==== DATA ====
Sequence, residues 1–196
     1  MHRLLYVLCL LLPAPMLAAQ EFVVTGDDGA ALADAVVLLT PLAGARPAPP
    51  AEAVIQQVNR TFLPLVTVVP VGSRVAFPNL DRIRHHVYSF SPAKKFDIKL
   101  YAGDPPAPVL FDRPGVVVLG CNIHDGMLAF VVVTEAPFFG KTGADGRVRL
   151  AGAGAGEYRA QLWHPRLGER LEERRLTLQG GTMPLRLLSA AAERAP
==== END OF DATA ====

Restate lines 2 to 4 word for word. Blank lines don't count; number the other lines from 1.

     1  MHRLLYVLCL LLPAPMLAAQ EFVVTGDDGA ALADAVVLLT PLAGARPAPP
    51  AEAVIQQVNR TFLPLVTVVP VGSRVAFPNL DRIRHHVYSF SPAKKFDIKL
   101  YAGDPPAPVL FDRPGVVVLG CNIHDGMLAF VVVTEAPFFG KTGADGRVRL